MG 5 SW electric motor, drive & performance
Performance is pretty strong, but the MG 5's overly soft suspension means it's not very satisfying to drive
|0-62mph||Top speed||Driven wheels||Power|
The MG 5 uses a single electric motor sending power to the front wheels through a single-speed transmission. Peak power is quoted as 154bhp and maximum torque is a useful 260Nm, which is a shade below potential rivals like the Kia e-Niro but still enough to give the MG peppy performance.
There are three driving modes – Eco, Normal and Sport. Eco maximises range by limiting performance, Normal offers a bit more of that addictive electric-car off-the-line performance, while Sport helps you to achieve the car's official acceleration figures. These modes are complemented by three selectable levels of regenerative braking.
MG 5 SW 0-62mph, top speed and acceleration
Performance is surprisingly good. With 260Nm of torque, acceleration is enough to catch most other road users napping: 0-62mph takes 7.7 seconds in Sport mode and it feels plenty fast enough and there’s a 115mph top speed. Sport mode allows full access to that performance, but even if you choose to put the car in its Eco mode, there’s still plenty of oomph for getting around, and naturally there’s a small range benefit in limiting the performance on offer.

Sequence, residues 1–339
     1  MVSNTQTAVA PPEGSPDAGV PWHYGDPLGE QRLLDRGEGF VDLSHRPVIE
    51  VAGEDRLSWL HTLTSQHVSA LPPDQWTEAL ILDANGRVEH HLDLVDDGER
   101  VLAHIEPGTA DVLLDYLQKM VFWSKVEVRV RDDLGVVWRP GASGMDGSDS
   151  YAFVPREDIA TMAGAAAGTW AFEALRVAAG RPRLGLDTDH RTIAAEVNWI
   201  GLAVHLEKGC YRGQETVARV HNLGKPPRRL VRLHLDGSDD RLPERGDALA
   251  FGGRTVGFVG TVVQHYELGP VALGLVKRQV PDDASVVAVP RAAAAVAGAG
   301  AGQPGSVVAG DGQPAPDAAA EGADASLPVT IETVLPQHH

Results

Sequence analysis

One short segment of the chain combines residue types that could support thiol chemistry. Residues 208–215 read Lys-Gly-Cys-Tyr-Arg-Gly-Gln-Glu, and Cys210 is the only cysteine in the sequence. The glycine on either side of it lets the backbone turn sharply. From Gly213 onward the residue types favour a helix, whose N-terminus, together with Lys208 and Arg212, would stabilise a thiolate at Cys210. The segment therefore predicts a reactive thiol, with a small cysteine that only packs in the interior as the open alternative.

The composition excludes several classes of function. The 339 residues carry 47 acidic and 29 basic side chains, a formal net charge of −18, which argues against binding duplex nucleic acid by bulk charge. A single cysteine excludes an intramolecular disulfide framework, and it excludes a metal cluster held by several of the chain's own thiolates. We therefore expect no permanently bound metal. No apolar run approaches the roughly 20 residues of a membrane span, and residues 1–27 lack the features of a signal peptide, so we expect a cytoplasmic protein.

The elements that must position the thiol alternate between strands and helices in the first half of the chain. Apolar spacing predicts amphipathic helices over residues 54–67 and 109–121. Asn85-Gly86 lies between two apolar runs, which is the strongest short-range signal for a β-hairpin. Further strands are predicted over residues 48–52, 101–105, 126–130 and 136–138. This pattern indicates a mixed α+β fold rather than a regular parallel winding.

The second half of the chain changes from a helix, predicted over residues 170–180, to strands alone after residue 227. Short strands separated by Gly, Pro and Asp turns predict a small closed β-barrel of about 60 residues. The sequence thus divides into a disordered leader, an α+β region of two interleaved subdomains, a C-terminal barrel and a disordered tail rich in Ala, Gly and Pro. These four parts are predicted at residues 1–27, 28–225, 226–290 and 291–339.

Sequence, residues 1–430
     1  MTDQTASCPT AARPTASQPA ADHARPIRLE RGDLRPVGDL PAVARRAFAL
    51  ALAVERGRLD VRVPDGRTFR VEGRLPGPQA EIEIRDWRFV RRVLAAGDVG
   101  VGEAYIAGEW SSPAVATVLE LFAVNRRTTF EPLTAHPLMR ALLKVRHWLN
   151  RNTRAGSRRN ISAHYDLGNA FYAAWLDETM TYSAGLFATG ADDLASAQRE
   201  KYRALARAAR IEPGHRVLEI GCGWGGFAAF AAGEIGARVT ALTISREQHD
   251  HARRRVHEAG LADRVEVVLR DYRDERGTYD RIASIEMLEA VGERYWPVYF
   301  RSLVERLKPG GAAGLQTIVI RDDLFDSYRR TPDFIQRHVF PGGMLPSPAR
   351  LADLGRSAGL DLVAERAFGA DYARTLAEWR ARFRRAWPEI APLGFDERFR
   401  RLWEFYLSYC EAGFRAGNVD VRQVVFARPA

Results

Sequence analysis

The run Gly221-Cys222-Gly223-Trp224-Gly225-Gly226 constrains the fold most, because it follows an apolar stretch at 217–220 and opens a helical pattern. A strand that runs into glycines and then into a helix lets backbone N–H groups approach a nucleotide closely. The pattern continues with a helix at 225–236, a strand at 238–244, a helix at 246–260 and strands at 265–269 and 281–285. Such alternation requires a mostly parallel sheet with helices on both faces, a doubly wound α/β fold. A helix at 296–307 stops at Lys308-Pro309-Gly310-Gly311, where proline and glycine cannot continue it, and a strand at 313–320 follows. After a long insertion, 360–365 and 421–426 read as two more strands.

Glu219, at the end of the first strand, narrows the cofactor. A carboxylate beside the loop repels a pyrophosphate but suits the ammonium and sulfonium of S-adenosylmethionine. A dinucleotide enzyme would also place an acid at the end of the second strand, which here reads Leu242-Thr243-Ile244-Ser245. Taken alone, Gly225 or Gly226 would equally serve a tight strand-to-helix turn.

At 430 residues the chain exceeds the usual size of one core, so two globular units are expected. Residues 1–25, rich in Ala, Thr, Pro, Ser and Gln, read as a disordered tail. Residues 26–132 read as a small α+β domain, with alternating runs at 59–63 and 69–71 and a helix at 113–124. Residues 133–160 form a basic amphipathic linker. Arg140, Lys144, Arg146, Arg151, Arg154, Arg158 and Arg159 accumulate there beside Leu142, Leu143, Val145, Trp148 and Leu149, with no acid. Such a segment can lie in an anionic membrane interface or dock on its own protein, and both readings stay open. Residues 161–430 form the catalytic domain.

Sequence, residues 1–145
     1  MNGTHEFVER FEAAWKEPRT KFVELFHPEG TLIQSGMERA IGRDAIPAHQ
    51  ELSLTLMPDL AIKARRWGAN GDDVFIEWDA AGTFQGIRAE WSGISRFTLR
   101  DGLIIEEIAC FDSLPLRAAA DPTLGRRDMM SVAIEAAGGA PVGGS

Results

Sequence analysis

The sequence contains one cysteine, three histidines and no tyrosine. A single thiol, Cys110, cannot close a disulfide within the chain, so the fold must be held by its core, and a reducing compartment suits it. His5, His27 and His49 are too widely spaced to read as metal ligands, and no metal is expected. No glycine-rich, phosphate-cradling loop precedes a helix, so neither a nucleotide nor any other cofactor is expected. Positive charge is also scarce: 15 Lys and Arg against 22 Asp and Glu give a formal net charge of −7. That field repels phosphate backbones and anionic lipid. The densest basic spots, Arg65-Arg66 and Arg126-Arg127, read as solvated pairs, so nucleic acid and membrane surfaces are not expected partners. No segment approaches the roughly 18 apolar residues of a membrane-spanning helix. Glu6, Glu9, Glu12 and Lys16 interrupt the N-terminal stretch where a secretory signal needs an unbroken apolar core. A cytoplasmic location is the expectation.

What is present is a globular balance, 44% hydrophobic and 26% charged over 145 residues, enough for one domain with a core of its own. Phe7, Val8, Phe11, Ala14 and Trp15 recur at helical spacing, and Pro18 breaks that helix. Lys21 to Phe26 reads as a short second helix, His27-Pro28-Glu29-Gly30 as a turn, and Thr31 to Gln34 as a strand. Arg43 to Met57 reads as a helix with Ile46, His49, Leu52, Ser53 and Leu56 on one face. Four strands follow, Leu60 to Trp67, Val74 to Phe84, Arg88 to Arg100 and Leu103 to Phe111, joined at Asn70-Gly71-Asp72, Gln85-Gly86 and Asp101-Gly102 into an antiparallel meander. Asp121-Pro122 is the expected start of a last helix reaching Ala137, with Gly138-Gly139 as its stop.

It’s not quite as good news here, as the 5 isn't much fun in corners. It pitches and rolls as you fight with the lifeless steering. This isn't a sports car, though, and the lack of communication and above-average levels of body lean will be absolutely fine for most drivers. The trouble is, that softness doesn’t automatically translate to ideal ride comfort either. It handles motorway driving neatly enough, but seems to be caught out by the kind of bumps you find around towns and cities.
In This Review
- 1VerdictIt may not be the most exciting or desirable electric car on sale, but the MG 5 EV electric estate makes a lot of sense on many levels
- 2Range, battery & chargingHealthy battery size means a decent range for the MG 5, and charging times aren’t too bad either whether topping up at home or on the road
- 3Running costsA competitive purchase price, zero road tax, very competitive BiK rates and a long warranty all mean the MG 5 should cost pennies to run
- 4Electric motor, drive & performance - currently readingPerformance is pretty strong, but the MG 5's overly soft suspension means it's not very satisfying to drive
- 5Interior & comfortIt doesn't have the most stylish interior available at this price point, but the MG 5 is comfortable and well equipped even in entry-level form
- 6Practicality & boot spaceA practical estate bodystyle pays dividends for both passenger space and boot volume in the MG 5, both of which are competitive for a car of this price
- 7Reliability & safetyThere are no independent crash-test or owner satisfaction scores yet, but the MG 5 has the simplicity of an electric drivetrain on its side